Marvellous Mammals

Today’s cogitation came about after spending some time on Jon Hall’s fascinating  Mammal Watching blog.  It got me thinking, why does mammal watching not enjoy the same level of interest and profile that bird watching attracts?  As a mammal enthusiast, who’s interested in all forms of creature, I find this rather mystifying.  For me, the sheer morphological and behavioural variety of mammals is intrinsically interesting; so why is the spotting of them often in the shadow of the ornithological equivalent?

It could have something to do with the fact that birds are generally easier to spot, or at least, perceived to be less time-consuming to locate. But even if that is the case, for me, much of the mammalian allure comes from the time spent researching and tracking them.  When you do get a sighting, it makes it all the more special and memorable – not to mention satisfying and rewarding.  Many of our mammal species are rarely studied and therefore little is known about them.  Observing such a species in the wild could bring the possibility of documenting behaviour that is new to science.  So let’s allow mammal watching to come out of the shadows, and by doing so, the communal exchange of sightings alone  should increase our chances of spotting them in the wild.

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3 thoughts on “Marvellous Mammals”

  1. This is a great question Gordy and one that the small – but growing – mammal watching community has discussed from time to time. That birdwatchers outnumber mammal watchers by a factor of 100 to 1 is a mystery to me. But I suppose it is partly an accident of history (bird watching became popular many years ago and that initial weight of numbers has propelled the growth). It is partly – as you say – that birds are much more visible, particularly in gardens, And it is partly based on the perception that mammals are hard to see. They can be, but I believe there are often much easier to see than many people realise. Finding them often requires a different strategy (often involving a spotlight and a late night).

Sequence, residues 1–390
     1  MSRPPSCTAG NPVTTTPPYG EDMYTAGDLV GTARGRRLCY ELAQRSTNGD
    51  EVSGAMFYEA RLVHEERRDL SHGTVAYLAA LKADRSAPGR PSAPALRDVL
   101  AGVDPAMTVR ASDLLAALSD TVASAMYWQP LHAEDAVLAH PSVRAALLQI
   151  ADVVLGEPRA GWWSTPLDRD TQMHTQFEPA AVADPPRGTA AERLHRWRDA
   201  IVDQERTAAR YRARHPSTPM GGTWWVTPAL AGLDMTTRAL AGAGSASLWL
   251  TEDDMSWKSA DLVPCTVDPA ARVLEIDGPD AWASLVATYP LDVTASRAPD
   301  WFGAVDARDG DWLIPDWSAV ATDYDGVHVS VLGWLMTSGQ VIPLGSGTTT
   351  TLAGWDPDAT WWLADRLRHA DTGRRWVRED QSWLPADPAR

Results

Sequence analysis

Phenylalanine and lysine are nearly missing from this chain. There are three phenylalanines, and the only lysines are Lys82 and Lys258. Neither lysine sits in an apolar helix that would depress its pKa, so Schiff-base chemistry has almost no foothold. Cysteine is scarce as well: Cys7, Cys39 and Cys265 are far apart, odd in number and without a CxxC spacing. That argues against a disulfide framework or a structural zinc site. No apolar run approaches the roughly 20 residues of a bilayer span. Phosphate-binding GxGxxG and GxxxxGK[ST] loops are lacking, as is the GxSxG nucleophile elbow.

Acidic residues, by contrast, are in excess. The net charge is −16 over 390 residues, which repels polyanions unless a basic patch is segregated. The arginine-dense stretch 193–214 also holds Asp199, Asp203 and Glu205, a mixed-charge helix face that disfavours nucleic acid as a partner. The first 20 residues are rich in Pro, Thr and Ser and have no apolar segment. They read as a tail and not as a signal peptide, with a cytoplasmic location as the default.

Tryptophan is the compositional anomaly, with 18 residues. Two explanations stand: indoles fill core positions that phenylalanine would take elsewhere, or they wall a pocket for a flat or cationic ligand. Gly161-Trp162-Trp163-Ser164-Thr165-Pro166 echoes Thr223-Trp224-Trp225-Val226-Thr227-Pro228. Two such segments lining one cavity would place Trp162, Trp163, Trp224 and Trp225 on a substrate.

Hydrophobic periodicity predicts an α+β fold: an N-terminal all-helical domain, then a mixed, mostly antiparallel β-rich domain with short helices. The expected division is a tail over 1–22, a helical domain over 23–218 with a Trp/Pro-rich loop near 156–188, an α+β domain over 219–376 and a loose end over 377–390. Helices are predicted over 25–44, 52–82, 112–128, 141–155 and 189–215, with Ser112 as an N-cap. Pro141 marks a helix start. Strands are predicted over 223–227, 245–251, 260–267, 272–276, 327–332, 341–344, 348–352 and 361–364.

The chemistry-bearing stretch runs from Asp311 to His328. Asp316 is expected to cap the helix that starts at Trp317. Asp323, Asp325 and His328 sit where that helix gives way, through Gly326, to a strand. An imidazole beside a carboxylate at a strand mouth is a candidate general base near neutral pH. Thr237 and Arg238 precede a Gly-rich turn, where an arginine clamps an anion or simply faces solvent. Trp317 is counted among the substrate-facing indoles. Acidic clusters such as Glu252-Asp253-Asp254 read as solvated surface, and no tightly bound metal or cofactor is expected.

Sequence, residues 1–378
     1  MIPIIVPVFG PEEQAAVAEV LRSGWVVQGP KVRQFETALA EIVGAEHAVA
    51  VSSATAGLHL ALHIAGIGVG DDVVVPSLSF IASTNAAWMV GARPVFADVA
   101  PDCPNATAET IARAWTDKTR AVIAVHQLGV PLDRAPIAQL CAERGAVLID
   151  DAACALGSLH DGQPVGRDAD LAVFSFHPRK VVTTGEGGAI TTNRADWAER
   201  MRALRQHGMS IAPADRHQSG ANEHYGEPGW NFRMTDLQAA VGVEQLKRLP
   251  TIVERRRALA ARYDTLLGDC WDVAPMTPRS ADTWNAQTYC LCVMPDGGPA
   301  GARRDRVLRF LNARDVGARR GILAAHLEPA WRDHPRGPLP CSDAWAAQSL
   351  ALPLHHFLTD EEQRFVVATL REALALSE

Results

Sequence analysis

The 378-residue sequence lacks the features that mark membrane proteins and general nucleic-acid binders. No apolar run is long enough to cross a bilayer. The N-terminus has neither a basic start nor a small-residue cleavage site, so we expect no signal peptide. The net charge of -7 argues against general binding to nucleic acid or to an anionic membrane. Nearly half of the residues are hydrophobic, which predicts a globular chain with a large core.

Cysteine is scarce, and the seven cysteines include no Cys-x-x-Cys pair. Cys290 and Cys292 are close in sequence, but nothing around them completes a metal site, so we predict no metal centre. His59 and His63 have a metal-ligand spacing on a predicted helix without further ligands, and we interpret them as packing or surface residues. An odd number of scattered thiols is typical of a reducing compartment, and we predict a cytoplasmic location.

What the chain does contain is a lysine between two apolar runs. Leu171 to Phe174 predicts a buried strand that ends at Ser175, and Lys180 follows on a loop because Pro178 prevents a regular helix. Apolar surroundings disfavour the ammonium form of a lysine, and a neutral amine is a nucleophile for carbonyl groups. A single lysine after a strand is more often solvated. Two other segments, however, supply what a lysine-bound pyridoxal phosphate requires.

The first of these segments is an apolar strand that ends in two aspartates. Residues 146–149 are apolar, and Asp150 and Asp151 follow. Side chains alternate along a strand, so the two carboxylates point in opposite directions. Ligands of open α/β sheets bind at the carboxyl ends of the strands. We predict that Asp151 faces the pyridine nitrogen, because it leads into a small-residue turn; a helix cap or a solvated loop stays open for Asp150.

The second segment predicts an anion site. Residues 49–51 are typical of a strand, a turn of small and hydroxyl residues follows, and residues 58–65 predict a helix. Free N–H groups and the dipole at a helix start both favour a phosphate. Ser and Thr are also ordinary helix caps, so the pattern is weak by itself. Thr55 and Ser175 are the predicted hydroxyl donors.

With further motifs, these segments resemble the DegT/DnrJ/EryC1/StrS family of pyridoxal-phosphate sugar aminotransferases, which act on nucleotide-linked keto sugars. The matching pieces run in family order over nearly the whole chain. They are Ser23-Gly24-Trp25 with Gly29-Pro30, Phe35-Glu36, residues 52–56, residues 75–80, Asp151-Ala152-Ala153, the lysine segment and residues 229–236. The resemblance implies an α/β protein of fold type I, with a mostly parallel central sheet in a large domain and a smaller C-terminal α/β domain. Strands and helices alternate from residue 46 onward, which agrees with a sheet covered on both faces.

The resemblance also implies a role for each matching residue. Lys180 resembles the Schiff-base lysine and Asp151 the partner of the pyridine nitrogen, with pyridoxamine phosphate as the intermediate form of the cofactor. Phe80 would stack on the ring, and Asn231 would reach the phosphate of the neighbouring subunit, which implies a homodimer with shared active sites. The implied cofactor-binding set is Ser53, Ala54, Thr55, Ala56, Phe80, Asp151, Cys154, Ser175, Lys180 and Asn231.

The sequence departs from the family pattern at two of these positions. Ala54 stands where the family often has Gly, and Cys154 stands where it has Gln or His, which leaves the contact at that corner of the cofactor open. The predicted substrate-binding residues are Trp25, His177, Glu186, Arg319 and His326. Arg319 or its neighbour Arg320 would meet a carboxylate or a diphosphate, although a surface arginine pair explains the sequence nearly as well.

Fixing this perception is a big reason behind why I started mammalwatching.com (10 years old this month!). And I am happy to say that most weeks I get a message from a birder bravely coming out of the shadows with a message along the lines “I have always been attracted to mammals but didn’t realise there were others like me. So happy to have found this community”.

    Jon

    1. Thanks for the thoughtful comment Jon, and that’s good to hear. I didn’t realise we were so outnumbered! It is odd that it’s even an issue, given how much exposure mammals get through conservation media and documentaries. Definitely something I’ll be pondering for a while yet…cheers.

    2. Hi Jon, I hope you’re well. I’m planning a week-long trip to Croatia in September and I’m hoping to do as much mammal-spotting as possible. Shall be visiting the Plitvice and Risnjak national parks. Do you have any recommendations for maximising our chances of seeing something? Looked into staying at a Bear hide, but tours and hides for mammal watching are very scarce. Cheers, Gordon.

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